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N ATURE U NBOUND L ESSON 1 – W HAT IS E COLOGY Conservation Mr. Dieckhoff.

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NATURE UNBOUND LESSON 1 – WHAT IS ECOLOGY Conservation Mr. Dieckhoff
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Nature Unbound Lesson 1 What is Ecology

Nature UnboundLesson 1 What is EcologyConservationMr. DieckhoffWhat do you see in this picture? (write Down at least 5 be creative)Missouri Grassland near Nevada, MO

What do you see in this picture? (write Down at least 5 be creative)Missouri River near Lexington, MO

What do you see in this picture? (write Down at least 5 be creative)Mark Twain National Forest, Southeast MO

EcologyEcology Divided into:Biotic Examples:Abiotic Examples: Atoms-Molecules-Organelles-Cells-Tissues-Organs-Organisms-Population-Community-Ecosystem-Biosphere

What are the biotic (Underline) and abiotic (Bold) items in the following sentences (pg 4, paragraph 2)Muskrats and cattails both need water to survive. If a wetland dries up, cattails in the wetland soon die, and muskrats leave the wetland to look for new homes. In turn, living things can influence properties of water. Muskrats use plants, such as cattails, for food and to build their houses. In doing so, muskrats remove patches of vegetation and create areas of open water. With less vegetation to restrict air flow, more oxygen is mixed into the water when wind causes waves. Removing vegetation also removes shade, allowing sunlight to penetrate the water, increasing its temperature.

Organisms:All Need How does Cattail, Muskrat, and Mink get energy) Minerals, Protein, Vitamins Adaptations to Space (Muskrat)Dense coat of fur, waterproof, buoyant, webbed hind feet, flattened tail for rudder, can reduce heart rate, store oxygen, tolerate high levels of carbon dioxide, stay underwater for 17 minutes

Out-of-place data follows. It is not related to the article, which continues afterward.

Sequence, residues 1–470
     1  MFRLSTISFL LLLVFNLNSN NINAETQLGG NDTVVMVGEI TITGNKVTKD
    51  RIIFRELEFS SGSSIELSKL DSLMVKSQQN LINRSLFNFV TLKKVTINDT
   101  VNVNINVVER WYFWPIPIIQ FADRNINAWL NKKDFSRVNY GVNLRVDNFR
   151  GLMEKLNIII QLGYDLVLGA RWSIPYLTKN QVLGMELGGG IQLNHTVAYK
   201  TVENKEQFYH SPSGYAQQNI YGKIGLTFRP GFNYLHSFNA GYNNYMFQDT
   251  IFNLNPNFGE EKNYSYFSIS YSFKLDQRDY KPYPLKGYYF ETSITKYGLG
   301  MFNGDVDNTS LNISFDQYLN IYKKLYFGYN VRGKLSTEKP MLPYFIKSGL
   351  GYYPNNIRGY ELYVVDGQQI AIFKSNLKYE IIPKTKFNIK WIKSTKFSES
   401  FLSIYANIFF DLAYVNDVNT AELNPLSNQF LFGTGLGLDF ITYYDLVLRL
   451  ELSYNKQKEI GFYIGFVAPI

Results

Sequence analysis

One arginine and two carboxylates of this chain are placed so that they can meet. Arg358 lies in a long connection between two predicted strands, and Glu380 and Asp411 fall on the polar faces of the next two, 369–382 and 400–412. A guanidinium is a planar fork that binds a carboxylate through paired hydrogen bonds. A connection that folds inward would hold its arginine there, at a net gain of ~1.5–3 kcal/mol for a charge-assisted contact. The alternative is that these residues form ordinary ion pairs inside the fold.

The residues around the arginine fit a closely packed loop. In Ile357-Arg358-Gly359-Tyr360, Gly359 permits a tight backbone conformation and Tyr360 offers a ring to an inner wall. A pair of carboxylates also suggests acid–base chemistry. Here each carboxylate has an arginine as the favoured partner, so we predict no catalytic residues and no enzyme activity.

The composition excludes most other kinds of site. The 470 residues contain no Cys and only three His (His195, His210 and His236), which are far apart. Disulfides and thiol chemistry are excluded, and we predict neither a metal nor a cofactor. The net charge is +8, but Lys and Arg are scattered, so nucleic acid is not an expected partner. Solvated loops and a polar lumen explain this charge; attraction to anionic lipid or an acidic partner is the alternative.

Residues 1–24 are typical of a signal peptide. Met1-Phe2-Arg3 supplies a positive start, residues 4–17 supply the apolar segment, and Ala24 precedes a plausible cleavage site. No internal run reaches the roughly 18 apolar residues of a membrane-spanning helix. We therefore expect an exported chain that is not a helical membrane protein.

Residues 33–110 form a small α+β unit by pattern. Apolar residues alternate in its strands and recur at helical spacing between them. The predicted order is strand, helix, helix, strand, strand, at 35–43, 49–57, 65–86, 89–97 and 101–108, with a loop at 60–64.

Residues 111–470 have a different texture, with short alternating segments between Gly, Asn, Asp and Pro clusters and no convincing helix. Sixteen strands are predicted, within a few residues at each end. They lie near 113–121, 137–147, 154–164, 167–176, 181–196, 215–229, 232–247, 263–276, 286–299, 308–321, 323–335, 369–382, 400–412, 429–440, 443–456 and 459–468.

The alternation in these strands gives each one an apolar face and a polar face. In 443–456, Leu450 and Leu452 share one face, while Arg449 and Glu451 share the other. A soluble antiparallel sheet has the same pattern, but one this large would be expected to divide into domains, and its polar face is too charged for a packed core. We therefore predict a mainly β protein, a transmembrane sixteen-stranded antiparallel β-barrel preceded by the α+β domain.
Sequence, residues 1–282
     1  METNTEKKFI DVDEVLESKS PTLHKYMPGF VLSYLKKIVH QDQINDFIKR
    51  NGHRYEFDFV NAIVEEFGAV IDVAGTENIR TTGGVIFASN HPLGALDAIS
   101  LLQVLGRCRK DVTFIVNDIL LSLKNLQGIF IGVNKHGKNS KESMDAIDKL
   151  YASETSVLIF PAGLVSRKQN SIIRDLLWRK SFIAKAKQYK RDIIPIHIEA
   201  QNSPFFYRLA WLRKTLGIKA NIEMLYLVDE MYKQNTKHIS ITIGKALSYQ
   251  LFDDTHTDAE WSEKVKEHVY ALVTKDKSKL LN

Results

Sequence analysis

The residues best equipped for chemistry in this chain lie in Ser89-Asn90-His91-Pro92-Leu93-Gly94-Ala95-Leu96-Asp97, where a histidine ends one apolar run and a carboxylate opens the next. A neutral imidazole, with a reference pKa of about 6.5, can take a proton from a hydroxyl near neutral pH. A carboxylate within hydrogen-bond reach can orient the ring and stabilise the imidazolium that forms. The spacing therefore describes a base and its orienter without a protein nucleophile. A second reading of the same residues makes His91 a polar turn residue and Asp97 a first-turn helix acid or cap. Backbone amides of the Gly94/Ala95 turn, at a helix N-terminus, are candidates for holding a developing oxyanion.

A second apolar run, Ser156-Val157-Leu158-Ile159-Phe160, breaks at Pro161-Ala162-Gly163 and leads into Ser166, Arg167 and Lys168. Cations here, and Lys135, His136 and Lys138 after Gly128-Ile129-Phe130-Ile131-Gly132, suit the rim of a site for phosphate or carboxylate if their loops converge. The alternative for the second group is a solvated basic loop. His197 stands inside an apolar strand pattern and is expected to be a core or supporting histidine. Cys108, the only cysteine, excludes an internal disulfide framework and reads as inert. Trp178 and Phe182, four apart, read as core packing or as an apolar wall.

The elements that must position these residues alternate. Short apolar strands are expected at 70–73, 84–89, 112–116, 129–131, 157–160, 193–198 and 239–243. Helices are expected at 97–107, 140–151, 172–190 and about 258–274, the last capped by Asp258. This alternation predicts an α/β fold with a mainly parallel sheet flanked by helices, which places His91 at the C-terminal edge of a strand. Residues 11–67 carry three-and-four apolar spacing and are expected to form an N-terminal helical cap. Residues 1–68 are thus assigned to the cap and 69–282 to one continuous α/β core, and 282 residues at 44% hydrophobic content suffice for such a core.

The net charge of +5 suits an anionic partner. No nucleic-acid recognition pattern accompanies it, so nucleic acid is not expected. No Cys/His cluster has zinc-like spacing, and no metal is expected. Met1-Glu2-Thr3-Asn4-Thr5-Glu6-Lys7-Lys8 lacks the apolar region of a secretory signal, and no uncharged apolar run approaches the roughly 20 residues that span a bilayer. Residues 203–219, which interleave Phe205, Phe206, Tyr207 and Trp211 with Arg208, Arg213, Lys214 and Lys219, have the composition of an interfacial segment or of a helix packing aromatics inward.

VideosMuskrathttps://www.youtube.com/watch?v=-mj36HTIJFY

Minkhttps://www.youtube.com/watch?v=zc5ss_YIVbI PopulationsDefinition:

Boundaries are determined by

Population Size + births+ immigration- deaths- emigration

Study to help

Webquest what is the typical population size of one of the minkslargest predators in northern Missouri?

CommunitiesDefinition:

Tied together by: Muskrat feed on cattailsMink feed on muskrat kits Plants compete for sunlight (why grass is taller next to unmowed grass)Songbirds compete for nesting sites Ducks eat smartweed & its seedsSome seeds pass through digestive system to get distributed over other areas

EcosystemsDefinition:What kind of ecosystem is this?

BiosphereDefinition: Layer that supports all living things5.5 miles below sea to 3.5 miles above sea level

EcologistsDevelop hypothesis Independent Variable Dependent Variable Experimental Group Control Group How would you set up experiment:In the early 1980s, ecologists began observing a sharp decline in populations of birds nesting in large tracts of forest. From previous studies, most ecologists believed the decline was connected to habitat fragmentation. Habitat fragmentation occurs when large, continuous blocks of habitat are broken up into smaller portions when land is cleared to build roads, subdivisions or crop fields. John Faaborg and Rick Clawson, two ecologists in Missouri, noticed that large forests in the Ozarks were being fragmented when trees were cut for timber. These observations led them to ask the question: Are forest birds affected by timber harvests?ConservationGifford Pinchot vs. Aldo Leopold

Using page 12 of the Chapter, answer the following questions:

What do Pinchots and Leopolds idea of conservation have in common?

How do Pinchots and Leopolds idea of conservation differ?

ConclusionEcologyOrganismsPopulationsCommunitiesEcosystemsBiosphereWhat Ecologist DoConservation


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